I think I've made the case for a BIM content strategy in a previous post. Now the questions are, “What are the elements of a BIM content strategy?”; “How do the elements reduce time lost by professionals due to missing content (missing Revit families)?”; “What is an effective implementation strategy for your firm?”
In this post, we will answer only the first question. We will also raise questions that need to be answered to implement each element of the strategy. In subsequent posts, our intent is to expand on each element to answer the questions raised. By the end of the series, you should know the What and How of a BIM Content Strategy.
BIM Project Templates
The first and, most important, building block of a BIM Content Strategy is the creation of project templates. Every firm that uses BIM software should be using templates as the first step in boosting productivity of building design teams. These are custom templates for particular types of projects – not the Revit default project template.
When a project is started from a well-designed template, the project team will be using consistent (standard) text fonts, dimensions, tags, symbols, schedules, and titleblocks. They will also have essential families already loaded into the project, saving an enourmous amount of time searching for the right BIM objects to use.
If a firm does just two types of projects (for example, residential and retail) they will need three BIM projects templates. In our example, they will need a “Base Project Template”, a “Residential Project Template” and a “Retail Project Template.” To over-simplify, the Base Project Template contains the firm's standards. The Residential and Retail templates are built from the Base template, but contain project-type specific elements, such as symbols, tags and schedules.
The details and steps to create BIM project templates will be covered in a later post.
BIM Content Library Plan
Once a firm has created a set of project templates, they have already started to build their own BIM Content Library. All the families loaded into the project templates are the firm's defacto BIM Object Library. So the next step in the BIM Content Strategy is to plan the development of a more complete library. Having building components available for insertion into BIM projects will save staff the hours required to either search for or build the components needed to complete the design.
There are many questions that need to be answered to develop an effective approach to this problem:
- Are there firmwide standards for certain types of components (walls, equipment, etc.)?
- Are there firm or designer preferences for particular manufacturer's components?
- Do we require generic components or manufacturer-specific components, or both?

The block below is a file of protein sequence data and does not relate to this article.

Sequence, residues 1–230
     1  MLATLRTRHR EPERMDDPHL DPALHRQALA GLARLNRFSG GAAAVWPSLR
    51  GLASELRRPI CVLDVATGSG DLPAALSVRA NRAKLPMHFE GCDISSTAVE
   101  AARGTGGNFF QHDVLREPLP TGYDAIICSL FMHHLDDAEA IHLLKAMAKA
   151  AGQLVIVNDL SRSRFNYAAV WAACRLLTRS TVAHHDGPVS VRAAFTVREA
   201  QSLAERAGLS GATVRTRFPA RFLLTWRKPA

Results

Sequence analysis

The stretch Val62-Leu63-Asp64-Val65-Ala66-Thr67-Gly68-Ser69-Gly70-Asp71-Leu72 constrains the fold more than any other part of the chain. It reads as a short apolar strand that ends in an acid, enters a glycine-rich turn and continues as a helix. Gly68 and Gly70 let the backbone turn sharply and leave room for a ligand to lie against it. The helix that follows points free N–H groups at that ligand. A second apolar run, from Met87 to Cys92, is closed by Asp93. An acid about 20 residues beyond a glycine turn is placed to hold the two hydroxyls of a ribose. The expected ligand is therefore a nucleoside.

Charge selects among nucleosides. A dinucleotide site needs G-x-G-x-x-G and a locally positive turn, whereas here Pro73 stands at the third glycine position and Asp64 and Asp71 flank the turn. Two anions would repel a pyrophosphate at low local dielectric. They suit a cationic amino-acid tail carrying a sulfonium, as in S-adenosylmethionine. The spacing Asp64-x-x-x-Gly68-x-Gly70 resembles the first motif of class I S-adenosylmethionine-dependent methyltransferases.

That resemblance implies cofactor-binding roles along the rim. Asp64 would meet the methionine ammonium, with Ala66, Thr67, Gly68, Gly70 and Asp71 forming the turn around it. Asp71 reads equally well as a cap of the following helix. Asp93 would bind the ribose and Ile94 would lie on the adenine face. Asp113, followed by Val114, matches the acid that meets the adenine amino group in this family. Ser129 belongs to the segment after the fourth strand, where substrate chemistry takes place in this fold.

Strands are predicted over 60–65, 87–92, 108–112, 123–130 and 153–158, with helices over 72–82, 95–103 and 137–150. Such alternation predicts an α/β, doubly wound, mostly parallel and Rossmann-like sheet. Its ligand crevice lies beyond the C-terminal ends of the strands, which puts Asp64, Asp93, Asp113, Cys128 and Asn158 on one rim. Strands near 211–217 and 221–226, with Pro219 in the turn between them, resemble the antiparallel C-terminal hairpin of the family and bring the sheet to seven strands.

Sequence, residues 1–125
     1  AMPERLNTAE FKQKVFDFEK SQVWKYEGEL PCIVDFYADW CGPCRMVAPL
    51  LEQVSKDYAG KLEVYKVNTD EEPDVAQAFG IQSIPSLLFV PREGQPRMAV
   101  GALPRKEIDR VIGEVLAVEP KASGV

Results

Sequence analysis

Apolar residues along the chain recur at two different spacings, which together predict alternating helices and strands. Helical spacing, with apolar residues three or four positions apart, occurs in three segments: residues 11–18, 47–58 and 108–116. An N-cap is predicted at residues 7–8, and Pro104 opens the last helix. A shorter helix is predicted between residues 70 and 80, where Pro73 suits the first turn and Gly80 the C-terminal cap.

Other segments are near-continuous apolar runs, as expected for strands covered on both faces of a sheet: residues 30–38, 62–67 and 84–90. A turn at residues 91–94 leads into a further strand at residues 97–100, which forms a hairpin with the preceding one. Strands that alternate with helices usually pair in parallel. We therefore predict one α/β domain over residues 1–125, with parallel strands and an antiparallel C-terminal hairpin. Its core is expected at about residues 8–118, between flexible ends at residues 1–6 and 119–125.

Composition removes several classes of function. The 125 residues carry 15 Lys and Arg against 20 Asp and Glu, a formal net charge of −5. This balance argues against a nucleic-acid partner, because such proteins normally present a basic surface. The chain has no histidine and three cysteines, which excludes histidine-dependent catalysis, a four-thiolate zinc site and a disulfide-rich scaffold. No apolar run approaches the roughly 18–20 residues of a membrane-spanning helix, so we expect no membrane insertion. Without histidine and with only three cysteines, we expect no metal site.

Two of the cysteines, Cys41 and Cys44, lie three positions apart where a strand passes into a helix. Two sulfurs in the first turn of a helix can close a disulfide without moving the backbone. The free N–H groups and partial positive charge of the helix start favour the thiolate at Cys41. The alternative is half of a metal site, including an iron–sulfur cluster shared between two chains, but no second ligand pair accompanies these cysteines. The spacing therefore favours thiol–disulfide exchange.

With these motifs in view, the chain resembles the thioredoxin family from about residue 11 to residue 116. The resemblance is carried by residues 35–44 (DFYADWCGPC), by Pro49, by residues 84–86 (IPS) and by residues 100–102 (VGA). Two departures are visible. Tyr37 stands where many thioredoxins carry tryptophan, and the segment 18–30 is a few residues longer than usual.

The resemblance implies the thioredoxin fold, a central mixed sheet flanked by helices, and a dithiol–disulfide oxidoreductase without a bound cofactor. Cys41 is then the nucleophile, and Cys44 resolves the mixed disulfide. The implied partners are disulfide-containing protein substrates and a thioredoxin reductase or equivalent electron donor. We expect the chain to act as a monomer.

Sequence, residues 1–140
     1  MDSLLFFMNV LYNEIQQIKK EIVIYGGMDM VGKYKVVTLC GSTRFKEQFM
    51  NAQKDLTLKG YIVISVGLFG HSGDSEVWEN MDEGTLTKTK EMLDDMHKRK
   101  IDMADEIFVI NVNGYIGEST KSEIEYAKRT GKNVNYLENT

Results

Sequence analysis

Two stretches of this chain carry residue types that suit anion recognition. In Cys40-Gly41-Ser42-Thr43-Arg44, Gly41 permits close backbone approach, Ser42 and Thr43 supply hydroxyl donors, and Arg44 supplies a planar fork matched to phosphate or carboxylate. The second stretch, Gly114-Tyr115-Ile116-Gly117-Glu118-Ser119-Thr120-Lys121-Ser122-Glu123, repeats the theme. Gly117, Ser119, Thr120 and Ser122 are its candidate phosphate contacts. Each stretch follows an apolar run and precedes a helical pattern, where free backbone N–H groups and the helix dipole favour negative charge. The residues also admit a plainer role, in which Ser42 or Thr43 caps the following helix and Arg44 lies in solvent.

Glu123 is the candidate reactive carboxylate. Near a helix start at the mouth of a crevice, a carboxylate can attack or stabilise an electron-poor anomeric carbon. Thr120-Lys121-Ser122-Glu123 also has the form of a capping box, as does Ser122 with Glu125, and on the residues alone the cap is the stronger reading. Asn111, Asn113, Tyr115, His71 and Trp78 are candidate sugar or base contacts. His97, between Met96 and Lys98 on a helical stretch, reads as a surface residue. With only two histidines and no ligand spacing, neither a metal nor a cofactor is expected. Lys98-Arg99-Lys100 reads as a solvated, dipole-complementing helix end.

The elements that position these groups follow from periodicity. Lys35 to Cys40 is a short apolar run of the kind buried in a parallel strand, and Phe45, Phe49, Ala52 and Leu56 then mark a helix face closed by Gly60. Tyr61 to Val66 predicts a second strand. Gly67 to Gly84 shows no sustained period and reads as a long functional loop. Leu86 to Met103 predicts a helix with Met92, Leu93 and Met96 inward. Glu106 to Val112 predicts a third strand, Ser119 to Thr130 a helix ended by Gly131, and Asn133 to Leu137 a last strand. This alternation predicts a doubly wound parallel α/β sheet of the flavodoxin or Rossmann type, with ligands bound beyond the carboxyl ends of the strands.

These are just some of the questions we will deal with in a later post.
BIM Content Acquisition
Once it is decided what BIM objects (Revit families) are needed in the firm's library, the next issue is how to acquire the desired objects. Some firms build their own content. Some firms buy Revit families from stores like Yellowbryk. Some firms find what they need by searching the internet.
We think it is most effective to use all of these methods. Build some, buy some, and find some for free on the internet. This balanced approach to acquiring a complete set of BIM objects has a good chance of accomodating the limits of cost, schedule and skills. The tricky part is deciding which BIM objects to find, to build or to buy. The hardest part may be to actually implement the plan.
We will cover these topics in greater detail in a later post.
BIM Content Distribution
Content distribution is about making the firm's BIM library easily accessible to all the staff that will need it. This is probably the easiest element of the BIM Content Strategy. In a firm with one office (and a network), just put the firm library on the network location accessible to all. If you want to restrict changes to the library to just a few people, your IT person can set permissions that way.
If your firm has multiple offices then there are options – one master library accessible from everywhere or one library pushed to each location. Behind those simple concepts are technical options that will have to be worked out. And the choices are intermixed with decisions made about content-management, the last element of the strategy.
In a later post on this topic we will keep the discussion simple by sticking to a folder-structure way of managing content. Content-management software options are complex enough to require a separate blog post.
BIM Content Management Plan
A BIM Content Management plan includes several sub-topics:
- Keeping content up-to-date – Due to software upgrades or due to building product revisions.
- Adding new content as needed – Required for new project types, as part of the BIM content acquisition plan or extracted from completed projects.
- Merging “foreign” content into the firm library - Acquired from collaborators or from building product manufacturers.
- Quality control – How defects are identified, communicated and fixed
- Choices for content management software.
All these topics are way beyond the scope of this post, so they will be covered in later postings.
The recommended sequence for implementing a BIM Content Strategy is the same as the listing of topics in this post.
- Build BIM project templates
- Decide what is needed in the BIM content library
- Acquire BIM objects for the content library
- Set up a distribution system for the content
- Manage the BIM object library
- What is the status of your BIM Content
- What are the next, logical steps in
your path towards full implementation of your strategy?
- What resources are required?
- Who is responsible?
- When will implementation be complete?